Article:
The proposal passed by 90% of votes, but 23 of the 184 member countries voted against the proposal. Many developing country members who voted in favour of the proposal did so on a tacit understanding that more comprehensive reforms of the entire decision making structure in the Fund will follow within the next couple of years. Developing countries called for reforms to be formulated through a simple and transparent formula that accurately reflects the position of member countries in the global economy and does not decrease the relative shares of low income countries rather than “ad hocism”, in reference to the proposal on the table.

The proposal was also criticised by many low income countries, civil society representatives and independent analysts. The increase in quotas for the above four countries does not change the balance of power in the Fund. Even worse, low income countries that usually have to undertake the most egregious structural adjustment reforms in order to access development capital have practically no voice within the institution. Further, the so called “second phase” of reforms to be completed within the next two years is likely to be based on Fund preferred economic indicators such as GDP and “openness” to trade and investment, which means that low income countries will be exhorted to liberalise even further and chase economic growth targets more aggressively than before if they want to have a say in decision making within the Fund.

The Fund certainly lost points on democracy, commitment to poverty reduction and even creative reform on the quotas issues.

The Bank did not fare particularly well either. The product it showcased in the Annual Meetings was the Wolfowitz inspired anti-corruption framework. At the centerpiece of the Bank's anti-corruption strategy is a Voluntary Disclosure Programme (VDP) under which contractors on Bank projects are encouraged to perform their own internal investigations and report corrupt acts in Bank projects for the last five years, and commit to follow Bank rules on future projects. They are then subject to a three-year monitoring program managed by the Bank's Department of Institutional Integrity but in exchange, they secure confidentiality and the right to continue bidding on Bank-funded projects. Although the VDP was praised by some civil society organisations (CSOs), many others pointed out that the programme not only protects corrupt companies and individuals from debarments, but also, allows the Bank to cover up its own complicity or negligence. (2)

Although the Bank has made some high profile moves in the past months by canceling projects identified as corrupt in Cambodia, India and other countries, there is little indication that the Bank intends to apply the transparency and anti-corruption standards it demands from governments consistently across the board to all Bank financed projects, and to its own operations. Government officials bristle at charges of corruption but the truth is that many are indeed corrupt and resistant to checks on how they handle project budgets from any source. At the same time, many officials also point out that Bank projects and programmes continue to be formulated and implemented without independent third party oversight. Particularly problematic are large infrastructure projects where bidding, procurement and awards of contracts are conducted in small closed groups in order to ensure commercial confidentiality. Democratically elected bodies at local and national levels have little or no oversight in how such projects are designed, nor in how project contractors are selected. The Bank has yet to heed civil society calls for independent audits of its large infrastructure projects.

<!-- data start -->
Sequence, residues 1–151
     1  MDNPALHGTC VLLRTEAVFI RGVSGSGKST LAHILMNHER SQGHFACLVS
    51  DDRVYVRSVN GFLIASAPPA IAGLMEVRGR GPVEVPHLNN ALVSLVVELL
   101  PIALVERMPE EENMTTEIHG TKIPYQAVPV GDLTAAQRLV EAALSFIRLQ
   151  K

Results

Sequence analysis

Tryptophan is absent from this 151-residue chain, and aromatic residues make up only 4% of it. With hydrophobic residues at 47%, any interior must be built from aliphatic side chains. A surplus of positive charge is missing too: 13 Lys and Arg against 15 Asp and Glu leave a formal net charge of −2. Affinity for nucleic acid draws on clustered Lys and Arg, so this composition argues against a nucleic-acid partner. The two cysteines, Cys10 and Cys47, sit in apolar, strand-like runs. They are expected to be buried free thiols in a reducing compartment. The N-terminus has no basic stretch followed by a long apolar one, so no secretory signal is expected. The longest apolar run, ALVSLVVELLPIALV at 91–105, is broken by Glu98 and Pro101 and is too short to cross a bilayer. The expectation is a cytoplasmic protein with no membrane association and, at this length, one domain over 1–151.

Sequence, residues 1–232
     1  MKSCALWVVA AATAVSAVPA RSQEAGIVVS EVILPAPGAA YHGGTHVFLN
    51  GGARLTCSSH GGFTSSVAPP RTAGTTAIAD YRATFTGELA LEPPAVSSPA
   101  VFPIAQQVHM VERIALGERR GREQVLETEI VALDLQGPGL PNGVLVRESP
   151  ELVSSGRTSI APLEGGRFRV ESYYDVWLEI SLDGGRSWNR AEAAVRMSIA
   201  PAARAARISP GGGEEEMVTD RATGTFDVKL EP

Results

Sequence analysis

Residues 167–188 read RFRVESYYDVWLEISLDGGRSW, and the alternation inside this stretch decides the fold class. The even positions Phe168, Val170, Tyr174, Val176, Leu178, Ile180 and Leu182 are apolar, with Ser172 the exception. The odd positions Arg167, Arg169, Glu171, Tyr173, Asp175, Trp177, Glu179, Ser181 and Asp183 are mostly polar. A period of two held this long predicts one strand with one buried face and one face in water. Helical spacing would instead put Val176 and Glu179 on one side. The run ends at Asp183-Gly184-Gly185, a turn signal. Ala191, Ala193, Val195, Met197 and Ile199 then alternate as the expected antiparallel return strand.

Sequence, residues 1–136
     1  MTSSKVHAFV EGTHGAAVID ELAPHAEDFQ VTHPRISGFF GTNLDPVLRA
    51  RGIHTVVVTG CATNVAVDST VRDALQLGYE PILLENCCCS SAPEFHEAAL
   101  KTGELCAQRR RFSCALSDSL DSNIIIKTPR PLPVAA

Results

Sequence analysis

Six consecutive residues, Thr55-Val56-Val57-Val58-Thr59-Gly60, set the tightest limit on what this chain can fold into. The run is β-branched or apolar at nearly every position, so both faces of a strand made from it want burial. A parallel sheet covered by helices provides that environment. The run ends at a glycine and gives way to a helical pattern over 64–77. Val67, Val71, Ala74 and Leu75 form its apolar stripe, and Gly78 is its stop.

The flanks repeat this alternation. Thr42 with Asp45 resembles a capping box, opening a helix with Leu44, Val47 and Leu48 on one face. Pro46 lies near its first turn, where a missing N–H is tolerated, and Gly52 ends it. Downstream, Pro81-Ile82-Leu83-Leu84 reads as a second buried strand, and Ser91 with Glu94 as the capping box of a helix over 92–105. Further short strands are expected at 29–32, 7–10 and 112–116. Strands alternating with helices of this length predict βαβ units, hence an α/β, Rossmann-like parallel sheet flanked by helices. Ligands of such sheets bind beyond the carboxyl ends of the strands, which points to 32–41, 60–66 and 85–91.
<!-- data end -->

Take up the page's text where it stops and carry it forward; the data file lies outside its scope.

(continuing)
Another drawback in the Bank’s anti-corruption strategy is that it undermines national anti-corruption laws by initiating parallel processes of investigation and resolution. This is evident in projects such as the Lesotho Highlands Water Project, the Bujagali dam, and numerous mining and oil/gas projects. The Bank’s International Finance Corporation (IFC) holds shares in some of the mining corporations that get IFC financing. IFC also supports corporations that have been known to make payments to national officials in order to garner support for projects. The Bank’s International Centre for Settlement of Investor Disputes (ICSID) operates outside the jurisdiction of domestic legal processes and can even initiate legal action against national governments. At the same time, all institutions in the World Bank Group have immunity against national and international legal proceedings by virtue of their founding charter.

Nowhere in the Bank’s anticorruption framework is there any mention of Bank complicity in creating odious debt. Given the Bank’s proven inclination to support dictatorial regimes, a transparent and independent audit of Bank operations in several countries is likely to yield huge amounts of evidence of odious debt created by Bank lending for corrupt and unaccountable purposes.

But then again, what else can one expect from an anti-corruption framework under the leadership of Paul Wolfowitz?


Possibly, the grand award for double speak in this year’s Annual Meetings should go to Bank-Fund cries of “foul” when the Singapore Government flexed its sovereign muscles and refused entry to many civil society representatives into Singapore. Although the paranoid actions of the Singapore Government must be condemned in the strongest possible terms, the Bank and Fund cannot escape their own role and culpability in bringing about this situation.